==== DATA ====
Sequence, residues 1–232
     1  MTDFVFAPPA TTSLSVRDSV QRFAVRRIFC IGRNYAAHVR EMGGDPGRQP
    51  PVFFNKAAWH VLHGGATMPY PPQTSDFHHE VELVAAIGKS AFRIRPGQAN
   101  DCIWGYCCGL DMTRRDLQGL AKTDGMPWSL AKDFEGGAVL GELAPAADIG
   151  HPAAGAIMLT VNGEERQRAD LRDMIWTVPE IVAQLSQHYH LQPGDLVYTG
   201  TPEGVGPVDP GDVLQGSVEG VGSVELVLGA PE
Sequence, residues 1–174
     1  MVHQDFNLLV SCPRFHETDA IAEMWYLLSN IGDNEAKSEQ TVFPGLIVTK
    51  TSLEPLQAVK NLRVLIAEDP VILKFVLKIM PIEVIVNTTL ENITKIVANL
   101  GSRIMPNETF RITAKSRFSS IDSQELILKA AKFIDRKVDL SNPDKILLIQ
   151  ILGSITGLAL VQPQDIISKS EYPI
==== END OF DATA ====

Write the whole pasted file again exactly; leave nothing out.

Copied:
Sequence, residues 1–232
     1  MTDFVFAPPA TTSLSVRDSV QRFAVRRIFC IGRNYAAHVR EMGGDPGRQP
    51  PVFFNKAAWH VLHGGATMPY PPQTSDFHHE VELVAAIGKS AFRIRPGQAN
   101  DCIWGYCCGL DMTRRDLQGL AKTDGMPWSL AKDFEGGAVL GELAPAADIG
   151  HPAAGAIMLT VNGEERQRAD LRDMIWTVPE IVAQLSQHYH LQPGDLVYTG
   201  TPEGVGPVDP GDVLQGSVEG VGSVELVLGA PE
Sequence, residues 1–174
     1  MVHQDFNLLV SCPRFHETDA IAEMWYLLSN IGDNEAKSEQ TVFPGLIVTK
    51  TSLEPLQAVK NLRVLIAEDP VILKFVLKIM PIEVIVNTTL ENITKIVANL
   101  GSRIMPNETF RITAKSRFSS IDSQELILKA AKFIDRKVDL SNPDKILLIQ
   151  ILGSITGLAL VQPQDIISKS EYPI